- Sell your car to pay for more travel, especially if your car is second hand, get rid of it so you can see more of New Zealand or even buy a car here and sell it back before leaving to have the cash on hand to buy a new car back home, it may be time for an upgrade ;)
4 Organise your break from school
Postponing your education is never an easy sell, to yourself and to your parents. Prepare carefully what you will say and how you will present it to gain their support and the support of your school. Not every school will let you take a gap year in the middle of your degree. In the best case scenario, wait until you graduate and get on with your travel before taking on your next degree or the professional life.
When coming back, you will have to justify this gap year when going back to school or job hunting, nobody likes a blank page on a CV. It will be up to you to show how valuable this trip was, and there is more reason than you can count:
- Figuring out what you want to do with your life, the famous “finding myself”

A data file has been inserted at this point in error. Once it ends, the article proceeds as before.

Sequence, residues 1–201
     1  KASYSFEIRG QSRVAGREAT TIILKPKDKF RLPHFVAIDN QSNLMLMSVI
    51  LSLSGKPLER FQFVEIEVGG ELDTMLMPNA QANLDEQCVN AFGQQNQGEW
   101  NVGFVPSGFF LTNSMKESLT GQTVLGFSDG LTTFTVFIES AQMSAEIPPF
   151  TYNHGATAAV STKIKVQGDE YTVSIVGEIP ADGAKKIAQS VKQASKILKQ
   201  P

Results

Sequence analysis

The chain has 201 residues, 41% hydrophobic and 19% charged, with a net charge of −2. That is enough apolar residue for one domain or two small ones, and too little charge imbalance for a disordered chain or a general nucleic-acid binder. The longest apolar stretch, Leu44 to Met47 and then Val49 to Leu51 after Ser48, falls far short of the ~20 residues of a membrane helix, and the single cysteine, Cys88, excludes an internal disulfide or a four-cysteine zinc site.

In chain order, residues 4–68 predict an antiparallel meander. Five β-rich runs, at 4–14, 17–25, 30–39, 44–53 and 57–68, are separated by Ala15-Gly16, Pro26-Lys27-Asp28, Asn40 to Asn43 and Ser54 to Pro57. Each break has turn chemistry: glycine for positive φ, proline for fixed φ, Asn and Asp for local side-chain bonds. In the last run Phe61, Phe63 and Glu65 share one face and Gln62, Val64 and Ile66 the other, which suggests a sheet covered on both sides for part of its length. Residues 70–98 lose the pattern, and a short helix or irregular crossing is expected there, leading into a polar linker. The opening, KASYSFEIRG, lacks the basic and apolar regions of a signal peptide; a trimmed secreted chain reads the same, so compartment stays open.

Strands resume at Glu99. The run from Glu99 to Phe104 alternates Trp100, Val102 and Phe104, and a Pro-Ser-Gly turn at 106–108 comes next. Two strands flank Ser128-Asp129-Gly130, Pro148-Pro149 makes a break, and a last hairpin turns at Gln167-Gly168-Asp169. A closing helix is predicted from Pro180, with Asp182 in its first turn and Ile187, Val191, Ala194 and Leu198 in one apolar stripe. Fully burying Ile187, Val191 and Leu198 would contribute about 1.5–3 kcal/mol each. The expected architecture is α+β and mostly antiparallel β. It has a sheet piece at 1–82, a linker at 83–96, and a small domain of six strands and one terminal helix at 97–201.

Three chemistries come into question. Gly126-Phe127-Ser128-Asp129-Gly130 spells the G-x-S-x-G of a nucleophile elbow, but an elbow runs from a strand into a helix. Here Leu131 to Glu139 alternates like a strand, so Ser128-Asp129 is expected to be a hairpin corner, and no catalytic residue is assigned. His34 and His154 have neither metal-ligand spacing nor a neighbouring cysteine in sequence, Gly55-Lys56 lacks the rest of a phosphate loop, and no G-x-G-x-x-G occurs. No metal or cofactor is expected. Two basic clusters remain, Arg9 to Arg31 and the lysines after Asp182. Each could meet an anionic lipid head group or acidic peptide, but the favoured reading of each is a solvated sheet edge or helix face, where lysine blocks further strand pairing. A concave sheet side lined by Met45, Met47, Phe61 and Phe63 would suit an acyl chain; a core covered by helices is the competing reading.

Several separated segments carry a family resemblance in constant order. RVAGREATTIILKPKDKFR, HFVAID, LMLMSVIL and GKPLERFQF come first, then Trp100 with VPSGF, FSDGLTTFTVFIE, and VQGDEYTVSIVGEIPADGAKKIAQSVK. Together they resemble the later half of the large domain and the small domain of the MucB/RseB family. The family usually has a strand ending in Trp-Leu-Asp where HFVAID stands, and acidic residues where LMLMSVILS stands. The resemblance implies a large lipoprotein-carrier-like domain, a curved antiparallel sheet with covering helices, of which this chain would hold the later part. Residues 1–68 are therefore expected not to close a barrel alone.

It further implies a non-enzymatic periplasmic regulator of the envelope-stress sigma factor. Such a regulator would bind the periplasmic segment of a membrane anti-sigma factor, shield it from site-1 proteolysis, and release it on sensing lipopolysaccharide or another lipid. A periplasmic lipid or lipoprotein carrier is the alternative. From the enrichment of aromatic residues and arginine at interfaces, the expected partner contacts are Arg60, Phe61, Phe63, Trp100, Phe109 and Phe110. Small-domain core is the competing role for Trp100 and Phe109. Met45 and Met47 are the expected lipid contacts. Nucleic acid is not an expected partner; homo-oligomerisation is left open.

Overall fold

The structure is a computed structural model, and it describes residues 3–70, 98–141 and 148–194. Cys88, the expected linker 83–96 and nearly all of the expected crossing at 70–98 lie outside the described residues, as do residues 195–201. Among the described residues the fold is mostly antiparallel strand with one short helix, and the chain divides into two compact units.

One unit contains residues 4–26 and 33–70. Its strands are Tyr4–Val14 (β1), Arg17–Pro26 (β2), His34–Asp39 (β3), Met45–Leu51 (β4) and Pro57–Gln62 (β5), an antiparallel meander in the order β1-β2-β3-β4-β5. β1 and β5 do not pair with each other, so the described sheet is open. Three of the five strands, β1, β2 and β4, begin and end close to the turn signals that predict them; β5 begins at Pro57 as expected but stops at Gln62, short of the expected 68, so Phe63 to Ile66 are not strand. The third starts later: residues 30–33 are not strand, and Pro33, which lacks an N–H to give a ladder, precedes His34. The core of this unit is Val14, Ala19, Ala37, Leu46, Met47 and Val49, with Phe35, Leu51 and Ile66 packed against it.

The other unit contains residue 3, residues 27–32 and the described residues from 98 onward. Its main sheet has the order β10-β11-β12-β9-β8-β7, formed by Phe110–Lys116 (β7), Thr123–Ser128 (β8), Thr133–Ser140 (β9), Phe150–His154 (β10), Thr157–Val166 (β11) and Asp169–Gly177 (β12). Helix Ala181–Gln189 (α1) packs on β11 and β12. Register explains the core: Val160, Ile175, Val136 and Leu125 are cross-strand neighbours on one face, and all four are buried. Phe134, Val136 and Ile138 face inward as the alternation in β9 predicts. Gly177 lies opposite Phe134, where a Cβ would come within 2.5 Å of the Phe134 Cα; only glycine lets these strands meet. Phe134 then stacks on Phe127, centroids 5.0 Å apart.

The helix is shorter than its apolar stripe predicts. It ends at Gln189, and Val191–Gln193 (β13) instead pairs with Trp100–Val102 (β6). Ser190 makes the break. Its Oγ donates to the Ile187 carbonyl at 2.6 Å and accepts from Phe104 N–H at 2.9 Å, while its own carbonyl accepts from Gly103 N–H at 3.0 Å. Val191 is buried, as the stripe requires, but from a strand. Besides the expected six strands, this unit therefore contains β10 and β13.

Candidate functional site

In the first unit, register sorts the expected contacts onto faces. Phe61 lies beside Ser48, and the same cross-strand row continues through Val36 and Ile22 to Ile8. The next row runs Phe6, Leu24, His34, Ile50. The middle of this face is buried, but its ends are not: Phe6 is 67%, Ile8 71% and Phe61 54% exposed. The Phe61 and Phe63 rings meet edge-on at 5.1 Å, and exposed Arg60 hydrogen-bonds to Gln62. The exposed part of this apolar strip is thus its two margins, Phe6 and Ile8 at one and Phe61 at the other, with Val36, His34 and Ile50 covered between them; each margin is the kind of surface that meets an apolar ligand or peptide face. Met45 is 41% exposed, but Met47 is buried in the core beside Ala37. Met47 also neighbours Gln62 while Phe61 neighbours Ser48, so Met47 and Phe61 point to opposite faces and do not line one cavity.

- Packing a tons of transferable life experience
- Gaining confidence in dealing with stressful situations
- Opening your mind to different cultures
- Become fully bilingual, that one is not to be used by Americans saying that they can now talk New Zealander.
5 Fill up your contact book
New Zealand’s internet is not always reliable and all your adventures may cause you to loose your mind and maybe forget your phone on the shore of a lake or the top of a glacier. Should this unfortunate event happen, you may need a back up. Get yourself a contact book and write all friends and family’s addresses on it so you still have something somewhere. I also had a Google Spreadsheet done so I could access it when I did find a decent internet access.
A side note to this would be to learn how to use area codes. New Zealand’s area code is +64, you need to use this code instead of the first 0 in the phone number that you are trying to call. My phone number in New Zealand was 0204 567 *** which means that if you would like to call me from overseas you will need to dial: +64204 567 ***
To dial the “+” symbol, press long on the “0”. If your phone does not have this option, try replacing the “+” by “00” (Double zero)
Now you will have to do the same thing to call back home so make sure that you know your country’s area code before leaving.
6 Quit your job
The right way to leave a job is always to give your manager an honest reason and plenty of time to find somebody that will take over. Nobody likes to be stood up at the last minute, so make sure to share your plans with her/him.